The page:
A Native American man’s legal challenge to his murder conviction in Oklahoma could cause massive disruptions if it is upheld, because it could force the redrawing of legal boundaries in a sizable chunk of the state, a lawyer for the state told the Supreme Court on Nov. 27.
The murder case, known as Carpenter v. Murphy, has given rise to a boundary dispute that covers 4,600 square miles of land, including most of Tulsa, Oklahoma’s second-largest city. Shifting the internal border would have an impact on thousands of criminal cases and cause social, economic, and governmental upheaval, the state argues.
The Trump administration supports the state’s position. If the state loses this case, it says almost half of the state’s population would suddenly be subject to tribal jurisdiction and that the same kind of transformation could happen in other states with Indian reservations—claims rejected as fear-mongering by opposing counsel.
There will be “earth-shattering consequences” if the Supreme Court finds in favor of respondent Patrick Dwayne Murphy, the attorney for the state, Lisa S. Blatt, told the eight justices during oral arguments. (Justice Neil Gorsuch recused himself from the case.)
“There are 2,000 prisoners in state court who committed a crime in the former Indian territory who self-identify as Native American. This number is grossly under-inclusive because, if the victim was Native American, the state court also lacked jurisdiction. That’s 155 murderers, 113 rapists, and over 200 felons who committed crimes against children,” Blatt said.
Reopening these cases “would re-traumatize the victims, the families, and the communities,” Blatt said. “Nor is it clear that the federal government could retry any of these cases because the evidence is too stale or the statute of limitations has expired, which appears to be the case in about half of them.”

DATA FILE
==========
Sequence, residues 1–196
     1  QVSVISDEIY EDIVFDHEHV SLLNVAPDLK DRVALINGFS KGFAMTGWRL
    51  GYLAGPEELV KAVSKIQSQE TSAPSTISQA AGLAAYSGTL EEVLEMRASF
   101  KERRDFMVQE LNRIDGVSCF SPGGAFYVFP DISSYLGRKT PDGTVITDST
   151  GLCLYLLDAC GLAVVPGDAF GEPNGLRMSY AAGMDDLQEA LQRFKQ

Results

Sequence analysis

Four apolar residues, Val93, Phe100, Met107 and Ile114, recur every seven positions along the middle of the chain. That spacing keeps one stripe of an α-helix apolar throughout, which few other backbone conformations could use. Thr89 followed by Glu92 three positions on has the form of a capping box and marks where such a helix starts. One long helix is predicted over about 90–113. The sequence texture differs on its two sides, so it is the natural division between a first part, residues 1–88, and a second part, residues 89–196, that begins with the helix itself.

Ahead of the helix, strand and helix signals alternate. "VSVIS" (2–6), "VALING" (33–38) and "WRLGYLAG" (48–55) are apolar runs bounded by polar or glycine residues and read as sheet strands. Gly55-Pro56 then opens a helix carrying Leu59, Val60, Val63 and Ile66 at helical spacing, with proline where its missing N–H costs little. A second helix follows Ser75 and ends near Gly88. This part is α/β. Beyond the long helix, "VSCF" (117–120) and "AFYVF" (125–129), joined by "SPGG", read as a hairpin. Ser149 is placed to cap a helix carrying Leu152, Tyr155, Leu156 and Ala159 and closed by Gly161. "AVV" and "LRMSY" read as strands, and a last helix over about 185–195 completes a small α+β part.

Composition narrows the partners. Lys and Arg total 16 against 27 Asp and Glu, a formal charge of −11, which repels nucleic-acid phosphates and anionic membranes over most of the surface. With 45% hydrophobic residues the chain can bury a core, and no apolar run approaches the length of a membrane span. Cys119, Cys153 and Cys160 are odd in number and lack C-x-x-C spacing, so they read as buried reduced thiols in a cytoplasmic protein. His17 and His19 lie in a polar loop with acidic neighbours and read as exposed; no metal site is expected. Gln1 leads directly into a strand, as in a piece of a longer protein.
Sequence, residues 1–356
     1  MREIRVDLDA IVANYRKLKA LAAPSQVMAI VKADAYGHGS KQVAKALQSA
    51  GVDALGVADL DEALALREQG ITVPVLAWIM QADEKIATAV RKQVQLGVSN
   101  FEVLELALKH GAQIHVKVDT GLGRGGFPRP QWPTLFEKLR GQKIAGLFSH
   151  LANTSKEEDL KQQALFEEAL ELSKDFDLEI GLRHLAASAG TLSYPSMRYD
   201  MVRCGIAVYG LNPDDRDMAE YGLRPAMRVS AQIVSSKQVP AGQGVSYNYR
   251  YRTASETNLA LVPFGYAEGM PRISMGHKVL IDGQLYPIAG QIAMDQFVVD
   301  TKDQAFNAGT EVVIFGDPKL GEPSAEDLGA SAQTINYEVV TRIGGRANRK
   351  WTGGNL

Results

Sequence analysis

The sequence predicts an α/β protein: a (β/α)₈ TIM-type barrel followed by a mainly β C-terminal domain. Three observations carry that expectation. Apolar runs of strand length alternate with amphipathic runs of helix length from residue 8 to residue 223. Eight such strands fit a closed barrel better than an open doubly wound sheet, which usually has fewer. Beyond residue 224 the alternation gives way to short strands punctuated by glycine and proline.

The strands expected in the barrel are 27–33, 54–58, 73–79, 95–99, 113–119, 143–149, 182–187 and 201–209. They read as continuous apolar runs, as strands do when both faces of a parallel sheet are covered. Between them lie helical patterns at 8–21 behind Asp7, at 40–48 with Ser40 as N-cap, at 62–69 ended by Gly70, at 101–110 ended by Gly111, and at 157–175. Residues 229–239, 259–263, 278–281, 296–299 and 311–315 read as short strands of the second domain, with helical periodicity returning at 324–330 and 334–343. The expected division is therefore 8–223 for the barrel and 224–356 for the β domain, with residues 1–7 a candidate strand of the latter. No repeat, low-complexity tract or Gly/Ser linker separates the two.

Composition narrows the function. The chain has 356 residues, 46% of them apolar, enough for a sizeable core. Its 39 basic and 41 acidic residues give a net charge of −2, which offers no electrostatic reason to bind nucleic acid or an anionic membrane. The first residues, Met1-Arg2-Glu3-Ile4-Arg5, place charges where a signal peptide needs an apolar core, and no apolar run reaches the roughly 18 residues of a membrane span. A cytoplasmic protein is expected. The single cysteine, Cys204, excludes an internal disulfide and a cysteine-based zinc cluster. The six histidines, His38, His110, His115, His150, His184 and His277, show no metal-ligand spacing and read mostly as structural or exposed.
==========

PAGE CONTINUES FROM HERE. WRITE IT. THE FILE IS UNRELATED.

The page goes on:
Ruling in favor of Murphy “raises a specter of tearing apart families all across eastern Oklahoma, and probably beyond, for years and years and years and years after the fact,” she said. That’s because “under the Indian Child Welfare Act, any tribe, any parent, and any child can undo any prior Indian child welfare custody proceeding if the state court lacked jurisdiction because the Indian child lived on a reservation.”
Crime and Appeal
Murphy, a member of the Muscogee tribe, was convicted in 2000 by a state court jury in McIntosh County, Oklahoma, of murdering another Muscogee man named Greg Jacobs, and was sentenced to death. The two men fought over a woman who lived with Murphy but had previously been in a relationship with Jacobs. Murphy stabbed Jacobs, sliced off his genitals, and left his body by the side of a road.
Murphy contends the state had no legal right to try him because the victim was also an Indian and the crime took place on Indian territory, as established by an 1866 treaty. A federal law known as 18 U.S.C. § 1153 grants the federal government exclusive jurisdiction to prosecute crimes committed by or against Native Americans in so-called Indian country.
Last year, the U.S. Court of Appeals for the 10th Circuit threw out the conviction, agreeing with Murphy’s reasoning.